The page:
The World Health Organisation has called for a 40% increase in personal protective equipment manufacturing worldwide, recognising that frontline workers need effective protection during the COVID-19 pandemic. Current devices suffer from high fit-failure rates leaving significant proportions of users exposed to risk of viral infection. Driven by non-contact, portable, and widely available 3D scanning technologies, a workflow is presented whereby a user's face is rapidly categorised using relevant facial parameters. Device design is then directed down either a semi-customised or fully-customised route. Semi-customised designs use the extracted eye-to-chin distance to categorise users in to pre-determined size brackets established via a cohort of 200 participants encompassing 87.5% of the cohort. The user's nasal profile is approximated to a Gaussian curve to further refine the selection in to one of three subsets. Flexible silicone provides the facial interface accommodating minor mismatches between true nasal profile and the approximation, maintaining a good seal in this challenging region. Critically, users with outlying facial parameters are flagged for the fully-customised route whereby the silicone interface is mapped to 3D scan data. These two approaches allow for large scale manufacture of a limited number of design variations, currently nine through the semi-customised approach, whilst ensuring effective device fit. Furthermore, labour-intensive fully-customised designs are targeted as those users who will most greatly benefit. By encompassing both approaches, the presented workflow balances manufacturing scale-up feasibility with the diverse range of users to provide well-fitting devices as widely as possible. Novel flow visualisation on a model face is presented alongside qualitative fit-testing of prototype devices to support the workflow methodology.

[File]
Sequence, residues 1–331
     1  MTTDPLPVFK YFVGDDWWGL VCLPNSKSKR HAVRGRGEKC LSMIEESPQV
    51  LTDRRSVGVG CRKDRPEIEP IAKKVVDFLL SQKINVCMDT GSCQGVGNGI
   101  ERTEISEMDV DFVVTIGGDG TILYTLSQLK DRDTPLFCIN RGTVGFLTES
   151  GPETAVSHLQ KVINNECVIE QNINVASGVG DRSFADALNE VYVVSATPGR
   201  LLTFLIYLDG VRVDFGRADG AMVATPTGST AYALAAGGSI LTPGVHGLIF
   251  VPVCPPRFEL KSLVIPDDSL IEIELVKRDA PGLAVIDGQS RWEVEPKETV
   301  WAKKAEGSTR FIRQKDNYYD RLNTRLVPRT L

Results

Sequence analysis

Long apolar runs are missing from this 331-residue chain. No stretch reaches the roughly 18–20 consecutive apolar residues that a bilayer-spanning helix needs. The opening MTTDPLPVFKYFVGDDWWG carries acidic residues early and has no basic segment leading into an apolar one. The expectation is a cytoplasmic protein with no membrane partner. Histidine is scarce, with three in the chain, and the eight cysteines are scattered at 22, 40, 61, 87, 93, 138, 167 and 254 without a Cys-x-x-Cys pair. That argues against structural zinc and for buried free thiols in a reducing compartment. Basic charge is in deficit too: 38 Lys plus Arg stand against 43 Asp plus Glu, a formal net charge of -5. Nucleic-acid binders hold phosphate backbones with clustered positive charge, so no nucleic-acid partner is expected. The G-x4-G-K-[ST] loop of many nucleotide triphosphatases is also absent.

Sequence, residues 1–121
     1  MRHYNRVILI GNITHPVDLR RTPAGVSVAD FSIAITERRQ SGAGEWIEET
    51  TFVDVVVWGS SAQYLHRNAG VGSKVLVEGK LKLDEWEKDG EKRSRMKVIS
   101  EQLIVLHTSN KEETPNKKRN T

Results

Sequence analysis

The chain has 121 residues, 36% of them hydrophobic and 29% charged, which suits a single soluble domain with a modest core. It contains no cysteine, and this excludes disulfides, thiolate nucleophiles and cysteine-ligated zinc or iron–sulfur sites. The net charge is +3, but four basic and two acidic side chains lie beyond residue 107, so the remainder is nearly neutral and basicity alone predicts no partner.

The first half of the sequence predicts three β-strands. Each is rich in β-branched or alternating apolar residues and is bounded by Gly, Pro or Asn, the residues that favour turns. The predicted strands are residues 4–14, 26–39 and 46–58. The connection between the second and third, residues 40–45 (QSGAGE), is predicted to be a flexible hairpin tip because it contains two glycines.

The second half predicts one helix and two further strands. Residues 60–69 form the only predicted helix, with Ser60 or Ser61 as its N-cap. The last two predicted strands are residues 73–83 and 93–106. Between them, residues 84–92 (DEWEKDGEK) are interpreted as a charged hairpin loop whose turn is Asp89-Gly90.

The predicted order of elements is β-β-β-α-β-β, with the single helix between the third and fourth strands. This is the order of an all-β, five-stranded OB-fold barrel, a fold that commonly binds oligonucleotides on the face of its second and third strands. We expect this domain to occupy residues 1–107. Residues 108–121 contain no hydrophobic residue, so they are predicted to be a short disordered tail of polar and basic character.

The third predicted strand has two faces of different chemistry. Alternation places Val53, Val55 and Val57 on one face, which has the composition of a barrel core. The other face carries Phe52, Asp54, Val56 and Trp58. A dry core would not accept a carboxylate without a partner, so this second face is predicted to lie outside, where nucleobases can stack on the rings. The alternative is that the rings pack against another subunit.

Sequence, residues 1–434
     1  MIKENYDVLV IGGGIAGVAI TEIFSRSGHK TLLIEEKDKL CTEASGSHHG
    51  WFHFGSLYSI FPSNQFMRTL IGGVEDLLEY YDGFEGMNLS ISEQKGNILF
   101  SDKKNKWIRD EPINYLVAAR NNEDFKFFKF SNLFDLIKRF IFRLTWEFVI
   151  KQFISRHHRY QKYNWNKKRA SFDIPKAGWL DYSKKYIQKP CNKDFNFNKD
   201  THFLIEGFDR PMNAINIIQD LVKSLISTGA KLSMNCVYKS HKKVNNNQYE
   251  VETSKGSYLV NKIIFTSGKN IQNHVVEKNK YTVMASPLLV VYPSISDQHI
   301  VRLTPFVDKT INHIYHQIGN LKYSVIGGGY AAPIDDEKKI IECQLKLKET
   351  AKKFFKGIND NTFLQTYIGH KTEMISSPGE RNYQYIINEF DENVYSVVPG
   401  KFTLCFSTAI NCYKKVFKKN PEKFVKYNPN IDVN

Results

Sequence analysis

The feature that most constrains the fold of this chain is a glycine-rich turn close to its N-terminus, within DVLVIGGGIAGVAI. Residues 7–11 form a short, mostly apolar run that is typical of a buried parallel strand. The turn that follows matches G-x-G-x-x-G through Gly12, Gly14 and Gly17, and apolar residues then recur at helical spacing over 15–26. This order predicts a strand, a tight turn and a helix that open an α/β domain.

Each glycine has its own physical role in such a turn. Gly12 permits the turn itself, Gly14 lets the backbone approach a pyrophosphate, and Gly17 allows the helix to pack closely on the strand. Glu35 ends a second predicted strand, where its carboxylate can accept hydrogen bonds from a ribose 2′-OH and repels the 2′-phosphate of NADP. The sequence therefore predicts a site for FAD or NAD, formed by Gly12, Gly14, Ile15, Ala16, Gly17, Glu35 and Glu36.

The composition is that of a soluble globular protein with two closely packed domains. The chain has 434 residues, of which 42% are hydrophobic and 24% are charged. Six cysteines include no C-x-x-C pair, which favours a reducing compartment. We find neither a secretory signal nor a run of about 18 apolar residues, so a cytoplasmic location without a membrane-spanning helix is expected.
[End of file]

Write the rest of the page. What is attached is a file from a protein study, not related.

Subject(s)
Face/physiology , Personal Protective Equipment , Photogrammetry/methods , COVID-19/prevention & control , COVID-19/virology , Computer-Aided Design , Equipment Design , Face/anatomy & histology , Humans , Printing, Three-Dimensional , SARS-CoV-2/isolation & purification
10.
Facial Plast Surg ; 37(5): 688-690, 2021 Oct.
Article in English | MEDLINE | ID: covidwho-1462057
11.
Sensors (Basel) ; 21(19)2021 Sep 30.
Article in English | MEDLINE | ID: covidwho-1444303

ABSTRACT